Subject: Re: PC-speaker driver working, now what ???
To: Bruce Evans <email@example.com>
From: A Wizard of Earth C <firstname.lastname@example.org>
Date: 01/07/1994 12:06:58
> > This is pretty much the timer code rewrite I occasionally suggest.
> > Since the internal timer has a much higher resoloution than the RTC
> > timers, but the resoloution at which it is used is lower than the RTC
> > timers, I once again suggest moving the main clock off to an RTC to
> > free up the internal time for one-shot use ...like running timer
> > events at a 20k rate for short periods of time as interval timer
> > events.
> I've suggested this too, but I no longer think it's a good idea. You
> can't read the internal counters of the RTC, so it is inconvenient to
> implement gettimeofday() using it. You would have to combine the RTC
> tick with the internal counter of the 8254 timer, and the book-
> keeping for this would probably be slower and more complicated than
> using the 8254 timer for everything.
The gettimeofday() time does not need to be higher resoloution than about
10ms -- this is not the clock that should be used for profiling; I think
the only valid use of what has always been the 10ms LBOLT clock is to cause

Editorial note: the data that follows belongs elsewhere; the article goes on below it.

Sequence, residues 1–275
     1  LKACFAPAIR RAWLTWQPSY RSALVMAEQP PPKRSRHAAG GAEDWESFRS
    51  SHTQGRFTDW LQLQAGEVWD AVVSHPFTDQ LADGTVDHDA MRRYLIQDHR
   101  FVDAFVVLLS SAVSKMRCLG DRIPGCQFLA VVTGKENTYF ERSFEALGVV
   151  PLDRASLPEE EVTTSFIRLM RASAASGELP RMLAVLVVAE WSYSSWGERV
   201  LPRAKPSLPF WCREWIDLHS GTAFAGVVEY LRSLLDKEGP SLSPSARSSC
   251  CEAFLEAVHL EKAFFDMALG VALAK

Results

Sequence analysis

a "quantum exceeded" context switch.
For the necessary profiling clocks and the sub-ms time resoloutions on
needed for select() and get/setitimer() (and a real-time scheduling class
f we allow preemption as a result of a timer event), a timer queue is
> I've also suggested reprogramming the 8254 timer to support sub-
> millisecond resolution for timeouts. This would make it very easy
> to attach new high frequency interrupt handlers to the clock
> interrupt. However, the extra overhead for the timeout mechanism
> would be unacceptable at an interrupt rate of 20 KHz.
Right -- definitely unacceptable as a continuous interrupt source,
except for burst periods. That's why a timer queue, with one-shots
and rescheduled events, would be the way to go. The tricky part
would be shoving the tick resoloution up and down for various
frequencies of events such that the highest resoloution event always
got sufficientl numbers of interrupts for it to keep up.
The easy way to handle this would be a dide-by-two frequency choice so
that each frequency allowed was some 2**n for an integer n. Then instead
of multiplies and divides, simple shift operations could be used for
frequency adjustments, and a binary hard-coded compare could find the
highest necessary resoloution with and+compare -- log2(32)==5 compares,
or a bit string operation if one is available on the processer.
Any opinions in this posting are my own and not those of my present
or previous employers.